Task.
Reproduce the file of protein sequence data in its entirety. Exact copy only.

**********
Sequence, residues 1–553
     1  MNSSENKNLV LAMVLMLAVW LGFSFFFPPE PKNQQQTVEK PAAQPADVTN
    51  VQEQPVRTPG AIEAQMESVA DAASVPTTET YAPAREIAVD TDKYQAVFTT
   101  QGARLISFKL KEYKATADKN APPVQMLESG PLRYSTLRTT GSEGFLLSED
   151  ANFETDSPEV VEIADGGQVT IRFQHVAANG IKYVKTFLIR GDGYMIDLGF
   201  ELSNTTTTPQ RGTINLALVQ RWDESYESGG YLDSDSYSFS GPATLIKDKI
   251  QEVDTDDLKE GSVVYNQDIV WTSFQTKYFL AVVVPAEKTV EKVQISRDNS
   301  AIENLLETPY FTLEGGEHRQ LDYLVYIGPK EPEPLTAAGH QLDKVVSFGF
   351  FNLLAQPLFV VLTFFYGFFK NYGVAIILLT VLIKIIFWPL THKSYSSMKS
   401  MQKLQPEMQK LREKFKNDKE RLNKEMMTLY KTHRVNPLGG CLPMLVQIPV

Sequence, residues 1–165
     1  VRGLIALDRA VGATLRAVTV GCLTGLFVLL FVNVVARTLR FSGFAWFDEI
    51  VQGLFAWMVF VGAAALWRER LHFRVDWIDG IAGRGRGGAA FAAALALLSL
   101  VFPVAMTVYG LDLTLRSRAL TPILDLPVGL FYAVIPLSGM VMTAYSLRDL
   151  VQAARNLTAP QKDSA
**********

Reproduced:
Sequence, residues 1–553
     1  MNSSENKNLV LAMVLMLAVW LGFSFFFPPE PKNQQQTVEK PAAQPADVTN
    51  VQEQPVRTPG AIEAQMESVA DAASVPTTET YAPAREIAVD TDKYQAVFTT
   101  QGARLISFKL KEYKATADKN APPVQMLESG PLRYSTLRTT GSEGFLLSED
   151  ANFETDSPEV VEIADGGQVT IRFQHVAANG IKYVKTFLIR GDGYMIDLGF
   201  ELSNTTTTPQ RGTINLALVQ RWDESYESGG YLDSDSYSFS GPATLIKDKI
   251  QEVDTDDLKE GSVVYNQDIV WTSFQTKYFL AVVVPAEKTV EKVQISRDNS
   301  AIENLLETPY FTLEGGEHRQ LDYLVYIGPK EPEPLTAAGH QLDKVVSFGF
   351  FNLLAQPLFV VLTFFYGFFK NYGVAIILLT VLIKIIFWPL THKSYSSMKS
   401  MQKLQPEMQK LREKFKNDKE RLNKEMMTLY KTHRVNPLGG CLPMLVQIPV

Sequence, residues 1–165
     1  VRGLIALDRA VGATLRAVTV GCLTGLFVLL FVNVVARTLR FSGFAWFDEI
    51  VQGLFAWMVF VGAAALWRER LHFRVDWIDG IAGRGRGGAA FAAALALLSL
   101  VFPVAMTVYG LDLTLRSRAL TPILDLPVGL FYAVIPLSGM VMTAYSLRDL
   151  VQAARNLTAP QKDSA